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24 INCH PUB TABLE : 24 INCH


24 Inch Pub Table : Contemporary Table Designs : Solid Oak Coffee Tables.



24 Inch Pub Table





24 inch pub table






    pub table
  • Any table that is 42" High (Standard Table height is 30")





    inch
  • edge: advance slowly, as if by inches; "He edged towards the car"

  • A unit used to express other quantities, in particular

  • a unit of length equal to one twelfth of a foot

  • column inch: a unit of measurement for advertising space

  • A unit of linear measure equal to one twelfth of a foot (2.54 cm)

  • A very small amount or distance





    24
  • twenty-four: the cardinal number that is the sum of twenty-three and one

  • Classless Inter-Domain Routing (CIDR) is a methodology of allocating IP addresses and routing Internet Protocol packets.

  • Year 24 (XXIV) was a leap year starting on Saturday (link will display the full calendar) of the Julian calendar.











The Page brothers




The Page brothers





Ely Cathedral, Cambridgeshire

The Page brothers Arthur and Herbert on the Holy Trinity parish war memorial in Ely Cathedral. The Lady Chapel of Ely Cathedral was the parish church of Holy Trinity parish until the Ely parishes were combined as Ely St Mary in 1938.

Arthur Page was my great-grandfather, the father of my grandmother Phyllis Alice Page, my father's mother. Arthur was born on the 31st March 1879 at Annesdale, Ely, Cambridgeshire. He married my great-grandmother Sophia Cross on 12th January 1901 in the Lady Chapel of Ely Cathedral. They lived on Bull Lane in Ely (today renamed Lisle Lane) before moving to Broad Street, Back Hill and finally Waterside. Arthur was a railway labourer for the Great Eastern Railway, before getting a job with the Co-op.

When World War One broke out, Arthur immediately signed up. He was a Serjeant in the 2nd Battalion of the Suffolk Regiment, and his medal record shows that he arrived in France on the 26th January 1915.

The 2nd Battalion spent their first winter and spring bogged down in the trenches of the Vierstraat area of Flanders, before being returned to Billet at Westoutre on 11th April. They spent the latter part of the spring building the network of trenches in the Ypres salient, and then on June 16th they were part of the force which attacked and consolidated its hold in V Wood and Sanctuary Wood to the east of Ypres. It seems that the Battalion came under what were the first prolonged and sustained gas attacks by the Germans on British troops. During July they returned to billet in Ypres again, but spent the rest of the summer consolidating the hold on the splendidly named Spoil Bank and Bellyache Wood, again to the west of Ypres.

In general, the 2nd Suffolks seem to have spent an uneventful 1915 in Flanders, with few casualties, except for one major incident when, on September 8th, the battalion sustained more than a hundred deaths trying to capture a crater in Sanctuary Wood. Shortly after this, Arthur's brother Herbert was injured, and returned to England. He rejoined the Battalion at the start of 1916, when they were moved south towards St Eloi. Shortly after arriving in the area, Arthur's brother Herbert was killed.

In June 1916, the 2nd Suffolks were removed completely from the fighting and returned to depot at St Omer for training in open warfare. They did not know it, but the Generals were preparing for the Big Push, designed to distract the Germans from their assault on Verdun. It would be known as the Battle of the Somme. On July 1st, the first day of the battle, the 2nd Suffolks set out from St Omer for the Somme.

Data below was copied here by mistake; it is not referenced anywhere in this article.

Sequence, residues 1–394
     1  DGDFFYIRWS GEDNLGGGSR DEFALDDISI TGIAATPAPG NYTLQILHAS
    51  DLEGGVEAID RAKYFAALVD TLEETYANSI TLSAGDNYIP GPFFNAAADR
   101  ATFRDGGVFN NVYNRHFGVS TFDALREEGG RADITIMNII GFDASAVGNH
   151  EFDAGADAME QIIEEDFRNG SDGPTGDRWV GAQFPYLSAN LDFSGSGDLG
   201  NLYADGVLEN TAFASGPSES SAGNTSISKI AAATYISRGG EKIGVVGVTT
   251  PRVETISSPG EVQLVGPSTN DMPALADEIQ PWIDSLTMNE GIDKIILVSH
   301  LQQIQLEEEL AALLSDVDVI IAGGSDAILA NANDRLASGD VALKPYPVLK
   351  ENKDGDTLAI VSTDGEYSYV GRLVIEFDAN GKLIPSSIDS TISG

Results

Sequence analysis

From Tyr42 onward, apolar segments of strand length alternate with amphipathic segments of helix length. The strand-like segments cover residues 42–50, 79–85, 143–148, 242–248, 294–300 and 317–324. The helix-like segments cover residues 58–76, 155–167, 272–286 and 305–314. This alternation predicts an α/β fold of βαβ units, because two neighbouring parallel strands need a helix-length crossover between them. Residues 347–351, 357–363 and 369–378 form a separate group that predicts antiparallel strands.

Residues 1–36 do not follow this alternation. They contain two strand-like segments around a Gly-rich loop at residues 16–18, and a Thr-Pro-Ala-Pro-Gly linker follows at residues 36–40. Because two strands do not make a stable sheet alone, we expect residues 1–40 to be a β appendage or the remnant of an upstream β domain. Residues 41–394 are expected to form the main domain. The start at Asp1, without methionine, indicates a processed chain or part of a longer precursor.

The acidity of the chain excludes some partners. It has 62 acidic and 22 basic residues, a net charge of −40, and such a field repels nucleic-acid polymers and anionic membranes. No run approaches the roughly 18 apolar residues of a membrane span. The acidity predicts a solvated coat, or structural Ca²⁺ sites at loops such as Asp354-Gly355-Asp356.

They arrived at the front on July 8th, and were placed in reserve, and then on July 14th they were moved into the southern end of Caterpillar Wood, to the east of Albert. Not far off, on July 18th, the Germans attacked and, at great cost to them, overran Delville Wood and part of the town of Longueval. Two companies of the 2nd Suffolks were sent to support the counter-attack, and among them was Serjeant Arthur Page.

Shortly before first light on what would be a warm, sunny day, at 3.35am on July 20th, the Third Division of the British Army attacked Delville Wood. Chris McCarthy, in The Somme Day-by-Day, records that Early in the morning the Division made an attack on Delville Wood and village using 2nd Suffolks and 10th Royal Welsh Fusiliers. At 3.35 am the Suffolks advanced from the west, but the two leading companies were almost entirely wiped out. The Fusiliers went astray, and came under fire from a British machine-gun barrage, losing most of their officers, only to press home a fruitless attack.

The casualties in the 2nd Battalion were heavy, and among those killed in the attack was Arthur Page. He was 37 years old. It seems to have been a spectacularly foolhardy action: the two companies lost no less than ten officers in the attack, one of them, a Major Congreve, later being awarded a posthumous Victoria Cross.

Arthur's body was recovered, identified, and buried at Delville Wood cemetery in Longueval. He is remembered on the City of Ely war memorial, the Holy Trinity parish war memorial in Ely Cathedral, and on the memorial boards in St George's chapel, also in Ely Cathedral.

Herbert Page was my great-great-uncle, the younger brother of my great-grandfather Arthur Page and an uncle of my grandmother Phyllis Alice Page, my father's mother. Herbert signed up on 22nd July 1900 as a Boy in the Reserve of the 4th Battalion of the Suffolk Regiment, when he claimed to be a month short of his 15th birthday. In fact, he was 18. The reason may be that he was just four feet eight and half inches tall. His hair was brown, his eyes were grey, and he had a mole above his right buttock. He claimed to be a Wesleyan Methodist.